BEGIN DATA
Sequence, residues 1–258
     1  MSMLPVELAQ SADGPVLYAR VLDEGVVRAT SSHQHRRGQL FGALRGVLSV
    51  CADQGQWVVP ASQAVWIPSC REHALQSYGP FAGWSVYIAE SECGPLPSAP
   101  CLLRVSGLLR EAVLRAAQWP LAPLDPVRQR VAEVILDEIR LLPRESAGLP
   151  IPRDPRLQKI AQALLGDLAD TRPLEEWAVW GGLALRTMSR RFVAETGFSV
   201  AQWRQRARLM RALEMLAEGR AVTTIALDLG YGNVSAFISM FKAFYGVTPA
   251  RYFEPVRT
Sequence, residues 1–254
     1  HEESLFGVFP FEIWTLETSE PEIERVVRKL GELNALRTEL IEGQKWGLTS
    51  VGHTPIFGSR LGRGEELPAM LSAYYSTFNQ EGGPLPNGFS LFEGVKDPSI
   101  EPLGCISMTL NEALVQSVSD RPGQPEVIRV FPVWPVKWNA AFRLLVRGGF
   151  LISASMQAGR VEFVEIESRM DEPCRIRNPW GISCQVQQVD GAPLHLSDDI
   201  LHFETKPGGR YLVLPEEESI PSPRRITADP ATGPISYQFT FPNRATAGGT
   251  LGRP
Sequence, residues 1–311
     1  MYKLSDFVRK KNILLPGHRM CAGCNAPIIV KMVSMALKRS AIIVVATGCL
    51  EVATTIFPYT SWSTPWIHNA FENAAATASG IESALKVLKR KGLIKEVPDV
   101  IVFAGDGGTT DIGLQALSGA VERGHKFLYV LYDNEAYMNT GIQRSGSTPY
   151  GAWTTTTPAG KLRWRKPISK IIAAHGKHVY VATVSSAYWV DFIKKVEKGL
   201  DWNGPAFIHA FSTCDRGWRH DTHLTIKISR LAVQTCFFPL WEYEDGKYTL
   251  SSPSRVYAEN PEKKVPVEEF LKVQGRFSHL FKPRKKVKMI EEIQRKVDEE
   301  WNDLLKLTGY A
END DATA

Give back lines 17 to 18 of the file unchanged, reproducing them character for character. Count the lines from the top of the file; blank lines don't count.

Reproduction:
    51  EVATTIFPYT SWSTPWIHNA FENAAATASG IESALKVLKR KGLIKEVPDV
   101  IVFAGDGGTT DIGLQALSGA VERGHKFLYV LYDNEAYMNT GIQRSGSTPY